Influencer marketing is fast becoming a key component of major campaigns across multiple industries, including the healthcare sector.
A new global study from Rakuten Marketing reveals the proportion of marketing budget being set aside for influencer-led campaigns has nearly doubled over the past two years to reach 40% in 2019. Rakuten Marketing also ran a consumer survey among 3,500 respondents globally, unveiling four in five consumers across the globe have now purchased something recommended by an influencer they follow by clicking on a link or image they shared.
Influencer marketing in healthcare
In the healthcare industry, patients are increasingly at the centre of campaigns and pharmaceutical companies are beginning to realise the untapped potential influencer marketing holds in extending a product’s reach among a desired audience.
Collaborating with healthcare influencers clearly holds huge potential for pharmaceutical companies to adapt and share highly detailed insights about a product among the public, in a way that taps into a consumer’s needs.
There is understandably a nervousness among pharmaceutical companies when it comes to marketing a new product due to the highly regulated and risk adverse environment. Healthcare companies have strict guidelines to follow set out by FDA and FTC, who have federal rulemaking authority, to ensure they act compliantly when collaborating with influencers.
Diclegis were issued a warning by the FDA in 2015, when Kim Kardashian endorsed medication for a morning sickness pill on Instagram but left out details of the potential side effects. This post was quickly deleted and followed by a correction post, highlighting the importance of being mindful when using influencer marketing in the healthcare world.
The trust factor
93% of influencer marketing campaigns use Instagram and nearly 90% of people aged 18-24 trust health information found on social media. Working with influencers who publish content that users engage with and using the right platform will help the pharma company to build trust and the post to be discoverable amongst their target audience.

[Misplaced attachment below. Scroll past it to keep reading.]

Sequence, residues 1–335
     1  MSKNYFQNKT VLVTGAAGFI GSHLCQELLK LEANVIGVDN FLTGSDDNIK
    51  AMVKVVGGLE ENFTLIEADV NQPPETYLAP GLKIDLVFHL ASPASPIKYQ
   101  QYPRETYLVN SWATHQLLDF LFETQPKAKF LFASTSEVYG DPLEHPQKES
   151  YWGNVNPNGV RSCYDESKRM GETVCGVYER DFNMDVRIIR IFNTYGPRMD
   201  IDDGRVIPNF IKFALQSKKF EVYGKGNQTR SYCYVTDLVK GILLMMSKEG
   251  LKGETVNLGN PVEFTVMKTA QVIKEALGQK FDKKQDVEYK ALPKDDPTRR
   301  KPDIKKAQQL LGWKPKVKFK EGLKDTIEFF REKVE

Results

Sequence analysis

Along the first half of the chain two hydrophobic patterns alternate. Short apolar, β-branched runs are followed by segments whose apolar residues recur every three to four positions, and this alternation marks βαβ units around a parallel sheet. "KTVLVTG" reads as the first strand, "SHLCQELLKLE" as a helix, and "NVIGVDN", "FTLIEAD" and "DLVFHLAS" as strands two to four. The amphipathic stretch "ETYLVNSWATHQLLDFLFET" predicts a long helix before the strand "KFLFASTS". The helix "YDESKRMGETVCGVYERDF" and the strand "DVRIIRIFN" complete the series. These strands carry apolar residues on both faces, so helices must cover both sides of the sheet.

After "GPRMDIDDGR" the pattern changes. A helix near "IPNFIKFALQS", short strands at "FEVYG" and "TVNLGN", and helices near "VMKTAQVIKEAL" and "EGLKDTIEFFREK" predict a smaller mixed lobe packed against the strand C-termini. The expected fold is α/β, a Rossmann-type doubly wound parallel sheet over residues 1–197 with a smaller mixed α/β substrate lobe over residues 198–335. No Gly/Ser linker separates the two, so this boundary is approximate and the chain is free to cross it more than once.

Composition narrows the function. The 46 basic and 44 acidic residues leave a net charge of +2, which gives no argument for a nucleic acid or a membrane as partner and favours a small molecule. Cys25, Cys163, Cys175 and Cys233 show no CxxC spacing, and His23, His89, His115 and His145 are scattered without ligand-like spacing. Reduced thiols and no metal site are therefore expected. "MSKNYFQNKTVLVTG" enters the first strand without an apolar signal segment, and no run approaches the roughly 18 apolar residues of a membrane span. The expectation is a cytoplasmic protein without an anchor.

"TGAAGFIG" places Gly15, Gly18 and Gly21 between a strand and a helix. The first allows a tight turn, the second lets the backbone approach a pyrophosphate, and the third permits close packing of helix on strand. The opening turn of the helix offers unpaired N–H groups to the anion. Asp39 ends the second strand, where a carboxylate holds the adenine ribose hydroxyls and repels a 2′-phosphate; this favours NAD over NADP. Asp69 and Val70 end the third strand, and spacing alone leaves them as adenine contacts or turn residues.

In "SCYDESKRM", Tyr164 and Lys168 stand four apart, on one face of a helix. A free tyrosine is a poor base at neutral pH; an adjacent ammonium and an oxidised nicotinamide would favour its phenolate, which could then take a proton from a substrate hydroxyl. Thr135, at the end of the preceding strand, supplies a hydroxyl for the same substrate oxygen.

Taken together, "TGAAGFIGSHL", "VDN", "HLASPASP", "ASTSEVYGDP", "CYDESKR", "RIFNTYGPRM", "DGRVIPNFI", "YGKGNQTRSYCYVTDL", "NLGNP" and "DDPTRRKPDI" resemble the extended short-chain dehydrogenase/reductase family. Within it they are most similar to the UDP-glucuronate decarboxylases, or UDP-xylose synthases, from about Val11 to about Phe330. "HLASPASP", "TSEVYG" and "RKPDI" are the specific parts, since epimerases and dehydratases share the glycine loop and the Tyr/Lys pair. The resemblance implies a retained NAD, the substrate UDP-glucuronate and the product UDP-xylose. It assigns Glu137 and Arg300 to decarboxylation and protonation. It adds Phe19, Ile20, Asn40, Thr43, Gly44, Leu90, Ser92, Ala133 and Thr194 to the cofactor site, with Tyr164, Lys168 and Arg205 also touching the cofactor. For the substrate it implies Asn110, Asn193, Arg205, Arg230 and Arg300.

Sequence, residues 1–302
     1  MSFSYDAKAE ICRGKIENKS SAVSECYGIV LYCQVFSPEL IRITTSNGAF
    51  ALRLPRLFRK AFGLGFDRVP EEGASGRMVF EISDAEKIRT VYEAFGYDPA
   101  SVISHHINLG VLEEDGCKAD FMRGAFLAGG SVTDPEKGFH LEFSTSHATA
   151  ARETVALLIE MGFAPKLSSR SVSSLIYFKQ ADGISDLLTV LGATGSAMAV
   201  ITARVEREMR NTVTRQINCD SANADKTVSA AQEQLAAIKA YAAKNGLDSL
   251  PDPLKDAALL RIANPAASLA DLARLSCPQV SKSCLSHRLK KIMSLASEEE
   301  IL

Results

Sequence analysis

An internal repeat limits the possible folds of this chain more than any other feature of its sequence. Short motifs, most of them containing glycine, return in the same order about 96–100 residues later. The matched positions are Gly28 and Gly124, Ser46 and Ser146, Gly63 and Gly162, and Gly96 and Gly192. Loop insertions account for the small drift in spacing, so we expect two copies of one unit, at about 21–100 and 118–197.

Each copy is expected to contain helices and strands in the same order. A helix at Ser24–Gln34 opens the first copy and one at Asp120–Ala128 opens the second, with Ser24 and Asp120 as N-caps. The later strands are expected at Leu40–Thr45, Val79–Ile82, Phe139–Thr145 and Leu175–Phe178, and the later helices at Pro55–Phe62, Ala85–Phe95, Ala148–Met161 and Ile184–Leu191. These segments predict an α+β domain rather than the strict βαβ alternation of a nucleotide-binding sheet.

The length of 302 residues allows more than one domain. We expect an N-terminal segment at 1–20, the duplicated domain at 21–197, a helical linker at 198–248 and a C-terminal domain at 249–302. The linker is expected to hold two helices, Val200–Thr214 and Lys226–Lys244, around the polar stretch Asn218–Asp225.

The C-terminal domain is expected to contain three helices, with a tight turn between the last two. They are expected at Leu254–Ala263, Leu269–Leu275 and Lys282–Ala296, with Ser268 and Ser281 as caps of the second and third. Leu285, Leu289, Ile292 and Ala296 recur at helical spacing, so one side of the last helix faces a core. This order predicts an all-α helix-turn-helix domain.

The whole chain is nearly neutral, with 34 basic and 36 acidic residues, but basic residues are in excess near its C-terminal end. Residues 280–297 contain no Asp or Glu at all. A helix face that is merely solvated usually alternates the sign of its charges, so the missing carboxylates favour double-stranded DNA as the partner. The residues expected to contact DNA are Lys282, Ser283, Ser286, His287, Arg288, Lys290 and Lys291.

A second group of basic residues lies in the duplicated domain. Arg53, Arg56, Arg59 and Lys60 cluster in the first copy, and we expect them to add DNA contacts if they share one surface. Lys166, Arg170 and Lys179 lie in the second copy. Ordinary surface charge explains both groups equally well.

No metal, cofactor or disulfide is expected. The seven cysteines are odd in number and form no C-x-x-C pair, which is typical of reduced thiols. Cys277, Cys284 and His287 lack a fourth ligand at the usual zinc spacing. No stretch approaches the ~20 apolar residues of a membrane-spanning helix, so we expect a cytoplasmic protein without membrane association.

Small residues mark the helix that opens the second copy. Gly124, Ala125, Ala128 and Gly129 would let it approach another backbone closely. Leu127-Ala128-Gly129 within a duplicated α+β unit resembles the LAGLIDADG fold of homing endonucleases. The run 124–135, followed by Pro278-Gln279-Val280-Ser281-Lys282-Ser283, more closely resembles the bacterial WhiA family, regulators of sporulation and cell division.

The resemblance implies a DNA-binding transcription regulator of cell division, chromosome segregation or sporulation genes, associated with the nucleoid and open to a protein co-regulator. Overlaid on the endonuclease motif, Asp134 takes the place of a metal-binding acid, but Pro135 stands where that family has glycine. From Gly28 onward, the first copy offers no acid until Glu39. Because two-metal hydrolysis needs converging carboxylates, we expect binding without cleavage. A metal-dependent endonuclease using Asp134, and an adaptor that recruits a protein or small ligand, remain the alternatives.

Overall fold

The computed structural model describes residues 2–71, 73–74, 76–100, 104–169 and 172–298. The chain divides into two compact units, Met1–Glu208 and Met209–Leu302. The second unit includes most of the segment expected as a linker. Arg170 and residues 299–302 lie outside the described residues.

Some pharma companies have opted to work with high-profile medical professionals, such as Amcal Pharmacy who teamed up with race car driver Jack Perkins, who has diabetes. Perkins regularly discussed his journey with the disease and how Amcal helped him get the medication he needed to manage his condition.
Another way influencer marketing can help to build trust is by changing conversations. HealtheVoices for example, enlisted an influencer and has since grown from an online community for patient advocates to an annual conference. The advocates were crucial to the patients experiencing serious health conditions and also to doctors wanting to better understand and appreciate things from the patient’s perspective. The campaign changed conversation as it put the patient in a position of power and influence, creating a patient centred narrative, which tends to appeal to audiences more than a doctor centred narrative.
What effect is influencer marketing having on the pharmaceutical industry?
Influencer marketing is a new area for pharma so it’s necessary to involve key stakeholders from the start of a campaign to ensure that the strict regulations are adhered to.
PMLiVE recommend pharma companies starting small and collaborating with one trusted social media influencer whilst working closely with stakeholders, allowing them to test success, learn from mistakes and refine the process before scaling up the campaign.
A large study conducted by Wego Health found that only 9% of consumers believe that pharma companies put patients over profits. Social networks are fast becoming one of the most effective channels for businesses to build trust and credibility among their community so influencer marketing may have the potential to help pharma companies rebuild trust and be seen on a platform where their audience are most active.